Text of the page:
How about dressing simply? They want you to buy an $85 pair of flats and a $68 belt. Maybe a $70 pair of shorts.

Some articles are helpful. How can you spot a fake bill? Might be useful to know. Other articles miss out on basics. They talk about how a pound of sugar was 12 cents in 1960 and is now 52 cents - but they say nothing at all about what it WOULD be adjusted for inflation. Is this higher than before? Lower? Nobody knows.

There are good tips in here. Go to your library and use their vast resources for free. Negotiate with your health care provider for lower costs. Use local playgrounds for exercise and fun. Bring your lunch, don't eat out. Even so, you turn the page and they're suggesting $200 blazers as cool items for the simple household - blazers that, honestly, most of us would only wear once or twice given its color and what it would go with in a given season. Never mind the $400 giant black jumpsuit.
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141 of 147 people found the following review helpful
4.0 out of 5 stars Being simple is a lot of work . . . January 7, 2002
Subscription Term Name:1 year
I'll admit it -- I buy every issue of this magazine. The title, however, always calls up a wry grin. The simple lifestyle the book advocates isn't all that easy! To achieve it you'll have to go buy the materials for the magazine's simplifying project, then re-arrange your house so you have a place to work on the project (which naturally requires purchasing even more things) and then finally you'll have to find the time to actually complete the project. Of course, to find the time you'll have to buy a new wall calendar and clock and Rolodex. I think the magazine has hit the American pluse on the button -- spend limited money and time to help better organize limited money and time, all while reminding yourself how beneficial and FUN all this work is. Oh, and don't forget to turn your repeated shopping trips to Target into "quality time" with your two-year-old in the process. So what do I do with the magazine? I'll go home after a tough day at work, and enjoy a cup of off-the-shelf non-gourmet herbal tea (cracked coffee mug, water heated in cheap saucepan with missing handle) and fantasize about leading the kind of lifestyle the magazine portrays. I read about gifts to buy the boss (as if!) and about knitting scarves, and all those premanufactured pastel "lifestyle accessories." The latest issue has advice on picking chocolates. I have one word on the subject -- Hershey's. The whole magazine is far outside my salary, and the total opposite of my garage-sale Western-omelet-at-Denny's lifestyle. It's escapism, pure and SIMPLE.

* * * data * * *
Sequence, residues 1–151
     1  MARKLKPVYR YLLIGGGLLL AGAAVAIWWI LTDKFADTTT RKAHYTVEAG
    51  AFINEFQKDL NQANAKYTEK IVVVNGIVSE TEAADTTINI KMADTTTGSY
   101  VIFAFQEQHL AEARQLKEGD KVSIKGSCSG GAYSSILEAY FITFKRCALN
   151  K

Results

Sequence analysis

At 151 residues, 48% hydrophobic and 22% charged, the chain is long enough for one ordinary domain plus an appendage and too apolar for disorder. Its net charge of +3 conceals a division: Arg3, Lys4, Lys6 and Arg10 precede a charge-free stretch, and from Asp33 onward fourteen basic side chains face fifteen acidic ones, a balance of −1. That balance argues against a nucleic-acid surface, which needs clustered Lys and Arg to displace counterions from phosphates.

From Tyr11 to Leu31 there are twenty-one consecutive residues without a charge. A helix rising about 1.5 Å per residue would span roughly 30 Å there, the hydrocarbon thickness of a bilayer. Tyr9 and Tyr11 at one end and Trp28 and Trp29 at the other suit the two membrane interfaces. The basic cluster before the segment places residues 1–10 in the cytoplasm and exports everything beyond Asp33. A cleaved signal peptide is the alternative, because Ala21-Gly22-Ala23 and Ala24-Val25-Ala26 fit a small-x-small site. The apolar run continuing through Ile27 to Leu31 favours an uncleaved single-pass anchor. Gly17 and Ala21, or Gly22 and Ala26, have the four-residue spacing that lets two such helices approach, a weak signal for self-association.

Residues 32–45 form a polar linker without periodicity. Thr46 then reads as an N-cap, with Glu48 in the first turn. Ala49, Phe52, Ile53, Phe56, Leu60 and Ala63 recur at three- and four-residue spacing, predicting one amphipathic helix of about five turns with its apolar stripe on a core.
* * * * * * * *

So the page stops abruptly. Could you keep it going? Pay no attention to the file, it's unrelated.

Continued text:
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146 of 154 people found the following review helpful
2.0 out of 5 stars Real Simple? April 20, 2007
By Gil
Subscription Term Name:1 year
Don't get me wrong..I love the two hard cover books, Real Simple Solutions and Real Simple: The Guide to Organized Living. They are gems. However, the magazine simply betrays it's words. As one rater stated, it seems like the reader is cajoled into buying un-needed expensive products, and my god..the magazine is cluttered with ads and inserts, plus it is very hard to turn the pages and read. I realize ads are necessary, but this is extreme, especially for a magazine that supposedly promotes a less complicated and cluttered life for it's readers.
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516 of 571 people found the following review helpful
2.0 out of 5 stars Real Simple is simply about buying stuff June 23, 2003
By A Customer
Subscription Term Name:1 year
I subscribed to this magazine for a year and enjoyed my first few issues, but I soon noticed that all of the ideas for "leading a simpler life" involved purchasing expensive products. You might as well just flip through a Pottery Barn catalog. They both offer the same fantasy -- "What a stress-free, genteel life I could lead if only I had closet organizers and all-white furniture!" Eventually I simplified my life by letting my subscription run out.
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53 of 55 people found the following review helpful
1.0 out of 5 stars Long time subscriber April 19, 2009
Subscription Term Name:1 year
I subscribed to Real Simple from the first issue for several years. At first it had some great unique ideas, and some really cool decorating ideas. Then, shortly after the second year, they seemed to run out of ideas. Unfortunately, they kept publishing anyway. The ideas rerun so often, if I flip through one now I find the SAME recipes (ravioli lasagna) and SAME tips they had the first year. Huge disappointment. If you are interested, don't commit for more than a year!
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41 of 43 people found the following review helpful
3.0 out of 5 stars Real Simple Vs. Voluntary Simplicity December 16, 2003
By A Customer
Subscription Term Name:1 year
I subscribed to this magazine believing that it would have advice relating to scaling back and living better with less. However, this magazine is definitely geared towards women who don't mind paying $200+ for "the perfect white shirt" and are strugging to create a savings plan with six-figure incomes.
That being said, I love the recipes, the meal planners are excellent, and the organization tips I've found useful too. A fun magazine, as long as you don't take it too seriously.